Town Is by the Sea by Joanne Schwartz, illustrated by Sydney Smith (9781554988716, Amazon)
In a coal town in Cape Breton, Canada, a boy wakes up to a summer day. He wakes to the sound of the sea, spends some time with his friends. Still, his mind continues to think of his father mining for coat deep under the sea in the darkness. He runs errands for his mother and visits his grandfather’s grave which looks out over the sea. His grandfather too was a coal miner and the boy knows that it is his future as well.
Schwartz has created a book set in the 1950s in a coal town where families worked in the mines for generations. Even as the book shows a richness of a well-spent childhood, it is overshadowed by the presence of the coal mine in the boy’s life and how it impacted his family and his father in particular. She wisely works to contrast life above the ground with that below, showing a childhood of fresh breezes and sunlight that will turn into a life spent primarily in darkness.
Smith’s illustrations clearly depict the claustrophobia of the mines, filling the page with smothering darkness and only a couple of men in a tunnel. This contrasts with his illustrations of days spent near the sea, sometimes the sun nearly blinding as it shines off the water. There is a sense of the inevitable in the book, of life paths already formed.
A glimpse of Canadian history, this picture book will appeal to older readers. Appropriate for ages 6-9.
Reviewed from library copy.
The Carpenter by Bruna Barros (9781423646761, Amazon)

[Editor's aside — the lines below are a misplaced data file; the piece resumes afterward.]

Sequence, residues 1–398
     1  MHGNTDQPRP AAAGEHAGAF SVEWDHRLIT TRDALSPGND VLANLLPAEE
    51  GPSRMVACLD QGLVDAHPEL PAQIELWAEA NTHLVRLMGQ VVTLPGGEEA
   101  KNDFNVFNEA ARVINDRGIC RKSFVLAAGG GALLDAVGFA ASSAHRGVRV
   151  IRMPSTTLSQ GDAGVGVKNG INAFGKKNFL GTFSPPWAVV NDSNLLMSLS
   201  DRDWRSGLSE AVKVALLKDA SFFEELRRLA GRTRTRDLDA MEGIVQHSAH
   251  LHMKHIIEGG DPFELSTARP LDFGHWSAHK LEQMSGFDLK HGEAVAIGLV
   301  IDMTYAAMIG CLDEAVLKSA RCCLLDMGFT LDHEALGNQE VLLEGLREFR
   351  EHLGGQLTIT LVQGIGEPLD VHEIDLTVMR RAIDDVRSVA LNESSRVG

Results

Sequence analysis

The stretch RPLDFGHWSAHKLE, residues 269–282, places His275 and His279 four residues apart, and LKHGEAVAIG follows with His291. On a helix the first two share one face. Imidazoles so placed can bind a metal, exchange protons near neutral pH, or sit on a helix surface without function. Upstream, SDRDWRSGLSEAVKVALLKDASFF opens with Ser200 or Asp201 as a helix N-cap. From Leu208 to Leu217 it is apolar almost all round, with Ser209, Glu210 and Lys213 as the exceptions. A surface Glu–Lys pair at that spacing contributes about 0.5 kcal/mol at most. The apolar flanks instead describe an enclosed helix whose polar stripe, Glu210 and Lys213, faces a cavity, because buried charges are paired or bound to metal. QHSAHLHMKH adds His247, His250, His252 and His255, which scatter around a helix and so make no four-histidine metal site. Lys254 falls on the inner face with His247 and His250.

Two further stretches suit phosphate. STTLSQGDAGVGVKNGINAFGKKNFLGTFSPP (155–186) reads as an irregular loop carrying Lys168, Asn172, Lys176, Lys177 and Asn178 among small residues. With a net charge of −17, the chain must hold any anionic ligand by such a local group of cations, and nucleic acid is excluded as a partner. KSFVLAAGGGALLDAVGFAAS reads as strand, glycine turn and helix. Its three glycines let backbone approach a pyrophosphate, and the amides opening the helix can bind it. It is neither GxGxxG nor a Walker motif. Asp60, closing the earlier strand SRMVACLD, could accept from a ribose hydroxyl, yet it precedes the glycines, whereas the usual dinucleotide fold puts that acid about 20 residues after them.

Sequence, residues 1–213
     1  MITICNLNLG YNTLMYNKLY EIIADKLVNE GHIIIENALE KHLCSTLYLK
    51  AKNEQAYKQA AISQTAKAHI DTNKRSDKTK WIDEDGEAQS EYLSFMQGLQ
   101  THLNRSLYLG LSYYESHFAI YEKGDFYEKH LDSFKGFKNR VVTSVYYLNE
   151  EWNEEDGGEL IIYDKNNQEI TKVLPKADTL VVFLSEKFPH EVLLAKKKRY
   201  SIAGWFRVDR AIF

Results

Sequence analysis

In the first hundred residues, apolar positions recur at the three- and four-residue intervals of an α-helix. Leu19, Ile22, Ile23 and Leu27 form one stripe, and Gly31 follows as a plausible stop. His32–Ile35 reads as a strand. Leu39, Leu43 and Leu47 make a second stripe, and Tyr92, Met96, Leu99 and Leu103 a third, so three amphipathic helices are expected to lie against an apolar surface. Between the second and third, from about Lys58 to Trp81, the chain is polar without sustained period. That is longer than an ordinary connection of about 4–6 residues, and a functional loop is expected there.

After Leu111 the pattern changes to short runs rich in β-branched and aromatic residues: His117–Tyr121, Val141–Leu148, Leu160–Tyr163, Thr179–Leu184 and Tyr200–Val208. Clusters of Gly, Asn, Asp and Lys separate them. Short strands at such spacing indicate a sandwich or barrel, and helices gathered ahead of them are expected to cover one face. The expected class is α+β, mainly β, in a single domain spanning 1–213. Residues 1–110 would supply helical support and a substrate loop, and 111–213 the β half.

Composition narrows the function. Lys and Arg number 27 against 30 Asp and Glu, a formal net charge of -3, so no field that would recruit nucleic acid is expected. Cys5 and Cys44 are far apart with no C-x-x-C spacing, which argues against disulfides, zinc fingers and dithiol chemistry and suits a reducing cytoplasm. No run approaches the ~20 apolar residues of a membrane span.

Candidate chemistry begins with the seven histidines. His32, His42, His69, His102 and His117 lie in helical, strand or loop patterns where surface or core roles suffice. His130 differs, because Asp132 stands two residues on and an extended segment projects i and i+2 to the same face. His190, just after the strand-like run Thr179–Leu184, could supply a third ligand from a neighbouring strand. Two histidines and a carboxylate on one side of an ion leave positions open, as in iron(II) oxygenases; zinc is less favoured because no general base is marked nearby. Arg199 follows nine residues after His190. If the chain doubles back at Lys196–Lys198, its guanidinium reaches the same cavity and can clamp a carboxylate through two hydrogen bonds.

In this wordless picture book, a little boy is playing with his electronic device. His father works near him on a carpentry bench. Suddenly, the little boy is distracted by the zigzag folding ruler that his father has been using. He imagines at first that it is a snake hissing at him, but is soon building with it by folding it into shapes. He creates a house, a car, a large tree, an elephant and even a whale! When the whale spouts water that floods the floor, his father saves him by pulling him up onto the table and into the boat that he’s been building. Now they can float safely and the ruler can become the sail.
Barros embraces the nature of children at play in the modern world by capturing the little boy’s love of digital devices at the very beginning. The ruler though sparks new creativity in the boy, allowing his imagination to guide him through all sorts of playful ideas. The wordless format also invites readers to use their imaginations to fill in the story. The bright pictures have a great graphical nature to them that has a strong boldness.
As a child I managed to break my share of zigzag rulers, so I completely understand their appeal. This book is filled with imagination for children and memories for us older folks. Appropriate for ages 2-4.
Reviewed from library copy.